A great day (and night) of tree-climbing

Posted by Ben Cranston

On the morning of 20 March 2018, a crew of University of Auckland researchers, professional arborists, and volunteers set out for Huapai Scientific Reserve in the northern Waitākere range with a few objectives in mind: most notably, to collect 24-hr transpiration and leaf water potential values for kauri (Agathis australis). We were equipped for an overnight stay in the forest and spirits were high. Climbing, gear-and-sample running, eating, and sleeping shifts were divided up between participants and the plan was laid out…IMG_1822

The first day was mostly meant to familiarize new climbers with the protocol as well as replace some older, ailing equipment in the canopy. In effect, we ended up using day 1 to ease into an appropriate mindset for the overnight campaign which was to begin early on the second day. In addition, we were able to snag a bit of press and drone footage of the science going on at Huapai which was very cool!

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I also was able to obtain a great vantage point of the throughfall exclusion shelters which were recently installed at the site. In this frame, it is slightly discernible that soil under the tarps is staying dry relative to outside. Preliminary results from sapflow measurements are showing no clear distinction between droughted and non-droughted trees, but that should hopefully change over the course of the year(s) owing to these tarps.. stay tuned.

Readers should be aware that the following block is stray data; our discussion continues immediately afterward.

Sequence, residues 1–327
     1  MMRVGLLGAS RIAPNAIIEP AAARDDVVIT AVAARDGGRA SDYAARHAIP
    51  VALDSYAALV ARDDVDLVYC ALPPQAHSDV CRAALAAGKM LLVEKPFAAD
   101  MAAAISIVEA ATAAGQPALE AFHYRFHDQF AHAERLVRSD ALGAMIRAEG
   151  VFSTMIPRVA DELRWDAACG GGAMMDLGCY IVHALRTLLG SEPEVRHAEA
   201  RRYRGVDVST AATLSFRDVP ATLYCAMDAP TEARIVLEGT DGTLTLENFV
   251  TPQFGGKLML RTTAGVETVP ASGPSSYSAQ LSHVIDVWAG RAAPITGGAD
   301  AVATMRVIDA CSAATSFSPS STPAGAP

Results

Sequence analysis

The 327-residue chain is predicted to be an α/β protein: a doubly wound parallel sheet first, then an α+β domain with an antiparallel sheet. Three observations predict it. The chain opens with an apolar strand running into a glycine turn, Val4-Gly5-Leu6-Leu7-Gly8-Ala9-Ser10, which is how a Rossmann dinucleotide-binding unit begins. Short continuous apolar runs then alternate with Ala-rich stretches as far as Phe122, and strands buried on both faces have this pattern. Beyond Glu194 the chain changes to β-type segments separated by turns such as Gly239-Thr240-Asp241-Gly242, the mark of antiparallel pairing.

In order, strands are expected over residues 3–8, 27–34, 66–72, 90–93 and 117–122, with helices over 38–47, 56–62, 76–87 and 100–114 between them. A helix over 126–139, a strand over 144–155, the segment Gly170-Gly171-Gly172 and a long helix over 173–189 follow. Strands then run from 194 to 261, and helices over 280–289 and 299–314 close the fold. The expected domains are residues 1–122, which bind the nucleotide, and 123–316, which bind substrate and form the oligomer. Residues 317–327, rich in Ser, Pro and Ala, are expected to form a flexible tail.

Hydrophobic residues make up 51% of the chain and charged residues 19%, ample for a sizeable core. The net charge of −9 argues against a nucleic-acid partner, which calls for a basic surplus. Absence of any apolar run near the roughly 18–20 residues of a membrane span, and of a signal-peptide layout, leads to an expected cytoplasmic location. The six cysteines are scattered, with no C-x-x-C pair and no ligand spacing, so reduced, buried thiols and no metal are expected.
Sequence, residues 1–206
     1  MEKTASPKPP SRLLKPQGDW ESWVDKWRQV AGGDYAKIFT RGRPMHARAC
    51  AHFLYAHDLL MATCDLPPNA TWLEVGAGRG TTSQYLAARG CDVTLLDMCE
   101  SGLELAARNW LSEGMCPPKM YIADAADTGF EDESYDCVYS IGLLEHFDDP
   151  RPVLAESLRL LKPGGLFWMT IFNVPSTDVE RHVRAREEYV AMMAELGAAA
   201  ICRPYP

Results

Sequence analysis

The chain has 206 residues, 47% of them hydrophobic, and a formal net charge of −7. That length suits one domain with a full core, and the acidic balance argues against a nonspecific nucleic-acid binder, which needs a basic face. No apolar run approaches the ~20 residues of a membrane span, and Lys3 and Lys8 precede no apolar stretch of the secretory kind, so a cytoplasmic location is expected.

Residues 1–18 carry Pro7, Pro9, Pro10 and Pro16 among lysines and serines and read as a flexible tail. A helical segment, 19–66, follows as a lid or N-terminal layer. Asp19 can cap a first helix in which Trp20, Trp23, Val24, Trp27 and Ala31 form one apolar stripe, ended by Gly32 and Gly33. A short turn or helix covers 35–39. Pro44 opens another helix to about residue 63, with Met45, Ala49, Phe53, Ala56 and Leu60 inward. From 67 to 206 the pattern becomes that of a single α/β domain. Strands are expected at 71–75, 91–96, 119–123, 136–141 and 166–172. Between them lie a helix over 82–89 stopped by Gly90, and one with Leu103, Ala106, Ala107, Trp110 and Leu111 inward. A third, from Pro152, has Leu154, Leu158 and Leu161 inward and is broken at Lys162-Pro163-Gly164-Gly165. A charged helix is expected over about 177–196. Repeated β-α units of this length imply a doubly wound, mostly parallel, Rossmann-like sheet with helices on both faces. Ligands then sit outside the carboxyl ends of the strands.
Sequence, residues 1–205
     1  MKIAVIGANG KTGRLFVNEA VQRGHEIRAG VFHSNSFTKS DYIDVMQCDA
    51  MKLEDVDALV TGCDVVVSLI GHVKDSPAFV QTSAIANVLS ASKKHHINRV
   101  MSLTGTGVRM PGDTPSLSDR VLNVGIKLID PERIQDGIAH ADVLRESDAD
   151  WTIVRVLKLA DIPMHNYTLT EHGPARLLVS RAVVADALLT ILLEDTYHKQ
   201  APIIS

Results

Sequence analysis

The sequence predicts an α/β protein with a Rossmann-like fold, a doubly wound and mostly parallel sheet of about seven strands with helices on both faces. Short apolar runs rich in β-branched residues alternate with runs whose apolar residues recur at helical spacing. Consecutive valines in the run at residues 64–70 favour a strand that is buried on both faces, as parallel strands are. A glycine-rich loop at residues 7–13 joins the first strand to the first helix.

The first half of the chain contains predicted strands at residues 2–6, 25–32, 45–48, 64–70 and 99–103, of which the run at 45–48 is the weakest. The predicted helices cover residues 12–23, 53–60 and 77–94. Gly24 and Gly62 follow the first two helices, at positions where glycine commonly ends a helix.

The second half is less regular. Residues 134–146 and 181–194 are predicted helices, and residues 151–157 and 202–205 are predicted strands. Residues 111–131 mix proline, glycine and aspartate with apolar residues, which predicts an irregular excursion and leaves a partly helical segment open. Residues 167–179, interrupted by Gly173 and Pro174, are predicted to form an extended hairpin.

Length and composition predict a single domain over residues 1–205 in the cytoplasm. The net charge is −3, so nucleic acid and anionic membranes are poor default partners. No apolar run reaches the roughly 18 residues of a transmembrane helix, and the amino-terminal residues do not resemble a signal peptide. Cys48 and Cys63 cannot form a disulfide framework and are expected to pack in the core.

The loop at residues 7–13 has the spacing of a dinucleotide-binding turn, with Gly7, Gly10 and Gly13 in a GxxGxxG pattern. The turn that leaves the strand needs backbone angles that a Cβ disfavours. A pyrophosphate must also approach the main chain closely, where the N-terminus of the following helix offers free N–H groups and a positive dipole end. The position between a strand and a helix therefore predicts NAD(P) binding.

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Our resident arborist, Freddie Hjelm, had his enthusiasm for New Zealand forests on full display throughout the whole trip. On behalf of everyone in the Macinnis-Ng lab, I offer our sincerest appreciation to him and the rest of The Living Tree Company crew for helping us stay safe and problem-solve when the going got tough!

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Apart from a trove of data (currently being processed), over the course of the collection period we were all treated to views like these. Climbing up the stems of my study trees  revealed a cathedral among the canopy not to soon be forgotten.

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It was a lot of work from a lot of people but we made it to the next day. The volunteers did an amazing job hanging in there well into the night and I can only hope that the experience was worth the toil.

 

Ben Cranston is a PhD student at The University of Auckland. His project is part of the Kauri Drought Experiment under the supervision of Cate Macinnis-Ng.

 

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